- GOES-15 Imagery AWIPS Test
- GOES-15 Becomes Operational
- Arctic Report Card 2011 is Available
- State of the Center Address – 2011
- Awards Season at CIMSS
- Mobile Weather Alerts Highlighted on AMS Blog
Prior to the Geostationary Operational Environmental Satellite (GOES)-15 becoming operational on 06 December 2011, NOAA conducted an end-to-end test on 29 November which briefly substituted GOES-15 for GOES-11 as the source of GOES-West satellite imagery.
Using the Advanced Weather Interactive Processing System (AWIPS) and N-AWIPS software packages, the Cooperative Institute for Meteorological Satellite Studies (CIMSS) monitored the flow of GOES-15 imager and sounder imagery from the test facility.
Image of GOES-11 (top panel) and GOES-15 (lower panel). The improved spatial resolution for the mid-level water vapor band is evident. Both images are from 21 UTC on 01 December 2011.
More information, including select animations of visible and water vapor imagery before and after the temporary switch-over, can be found on the CIMSS blog archives.
At 15:45 UTC on 06 December 2011, Geostationary Operational Environmental Satellite (GOES)-15 replaced GOES-11 as the operational GOES-West satellite. GOES-11 (launched in 2000, and operational since 2006) was one of the older GOES-I/M series of satellites.
Compared to GOES-11, GOES-15 has:
- improved water vapor channel (Imager channel 3);
- slightly different visible channel (Imager channel 1);
- 13.3 µm IR (Imager channel 6) replaces the 12.0 µm IR (Imager channel 5) and
- improved Image Navigation and Registration (INR).
Examples of some of these GOES-11 vs GOES-15 changes before and after the switch-over can be found at the GOES blog archives.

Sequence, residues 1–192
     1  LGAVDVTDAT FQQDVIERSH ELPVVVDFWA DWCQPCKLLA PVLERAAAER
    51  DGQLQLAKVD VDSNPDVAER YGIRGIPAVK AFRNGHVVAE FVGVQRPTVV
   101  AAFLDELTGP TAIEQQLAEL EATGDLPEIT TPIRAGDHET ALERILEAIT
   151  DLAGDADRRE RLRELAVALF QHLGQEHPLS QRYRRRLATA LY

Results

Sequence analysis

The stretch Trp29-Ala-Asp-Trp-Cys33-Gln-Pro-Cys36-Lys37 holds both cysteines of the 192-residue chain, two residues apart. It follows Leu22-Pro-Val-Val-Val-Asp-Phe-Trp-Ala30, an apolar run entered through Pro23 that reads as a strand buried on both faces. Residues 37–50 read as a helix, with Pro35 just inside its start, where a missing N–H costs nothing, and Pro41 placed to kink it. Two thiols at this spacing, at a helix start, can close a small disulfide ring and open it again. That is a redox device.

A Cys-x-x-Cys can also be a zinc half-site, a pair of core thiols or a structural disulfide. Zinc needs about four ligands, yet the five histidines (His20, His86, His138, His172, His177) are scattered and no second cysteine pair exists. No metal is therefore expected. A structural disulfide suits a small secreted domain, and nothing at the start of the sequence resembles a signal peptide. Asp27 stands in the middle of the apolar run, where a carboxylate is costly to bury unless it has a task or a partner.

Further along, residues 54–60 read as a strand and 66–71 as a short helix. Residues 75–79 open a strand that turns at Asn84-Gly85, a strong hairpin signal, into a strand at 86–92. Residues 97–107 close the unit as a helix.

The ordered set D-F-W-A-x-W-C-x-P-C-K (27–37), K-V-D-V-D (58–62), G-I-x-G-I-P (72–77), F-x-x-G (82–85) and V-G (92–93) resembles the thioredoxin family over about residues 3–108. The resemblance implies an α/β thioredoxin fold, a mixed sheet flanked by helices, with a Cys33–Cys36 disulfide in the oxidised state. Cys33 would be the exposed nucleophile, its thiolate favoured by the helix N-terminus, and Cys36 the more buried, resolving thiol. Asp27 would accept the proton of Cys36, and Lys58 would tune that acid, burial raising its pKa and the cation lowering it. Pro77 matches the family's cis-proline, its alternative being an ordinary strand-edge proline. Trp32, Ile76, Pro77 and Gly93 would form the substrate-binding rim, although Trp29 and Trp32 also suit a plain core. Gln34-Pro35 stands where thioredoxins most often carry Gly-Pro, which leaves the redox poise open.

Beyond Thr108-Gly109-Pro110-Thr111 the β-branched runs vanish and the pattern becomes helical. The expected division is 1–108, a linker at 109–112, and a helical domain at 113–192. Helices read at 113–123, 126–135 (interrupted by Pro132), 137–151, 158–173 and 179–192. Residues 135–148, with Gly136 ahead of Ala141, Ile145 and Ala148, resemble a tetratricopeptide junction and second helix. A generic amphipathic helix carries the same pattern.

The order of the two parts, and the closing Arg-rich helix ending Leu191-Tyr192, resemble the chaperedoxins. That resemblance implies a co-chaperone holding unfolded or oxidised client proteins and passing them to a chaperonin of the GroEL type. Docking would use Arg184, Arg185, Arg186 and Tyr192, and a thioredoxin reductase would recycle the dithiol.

With the operational insertion of GOES-15 (and the inclusion of the 13.3 um micron band) as the western geostationary satellite, both GOES-East and GOES-West Imagers are capable of generating cloud top pressures for both opaque and semi-transparent clouds using the same algorithm.
Material was also supplied for a “GOES-15 Becomes GOES-West” training session for National Weather Service (NWS) forecast offices. Tim Schmit and Scott Bachmeier participated in the first training lessons that were offered during the week of the satellite transition.
The NOAA Arctic Report Card for 2011 is now available. Jeff Key and Yinghui Liu (CIMSS) contributed to the “Temperature and Clouds” section. The Arctic Report Card provides clear, reliable and concise environmental information on the current state of the Arctic relative to historical time records. It is intended for a wide audience, including scientists, teachers, students, decision-makers and the general public.
On 15 December 2011, Hank Revercomb gave his annual State of the Center Address to a capacity crowd at the Educational Science Building. Graduate School Dean Martin Cadwallader provided opening remarks.
Director Revercomb’s State of the Center address (as well as previous addresses) is available for download online in Powerpoint format.
UW-Madison CIMSS received the Space Shuttle Program Commendation from the Space Shuttle Program Manager:
NOAA-CIMSS Collaborations Awards were presented to Mathew Gunshor, Anthony J. Schreiner, James P. Nelson III, A. Scott Bachmeier, Dave Stettner, Steve Wanzong, Christopher C. Schmidt, Wayne Feltz, Justin Sieglaff, William Straka, Chris Velden and the SSEC Data Center:
And Steven Ackerman (CIMSS) and Hank Revercomb (SSEC) each received certificates from the National Weather Service Spaceflight Meteorology Group (SMG). CIMSS was recognized for uses of MODIS imagery to support NASA’s human spaceflight program. SSEC was recognized for McIDAS, a mainstay meteorological analysis and visualization tool for 25 years.
These awards and certificates, and much more, are on display in the Schwerdtfeger Library on the 3rd Floor of the AOS Building.
Mobile weather alerts was a topic featured on the American Meteorological Society (AMS) blog site. The article referenced an upcoming presentation at the AMS conference in New Orleans by Dave Santek (on 23 January 2012) that will show custom interfaces for smartphones that offer near real-time weather alerts.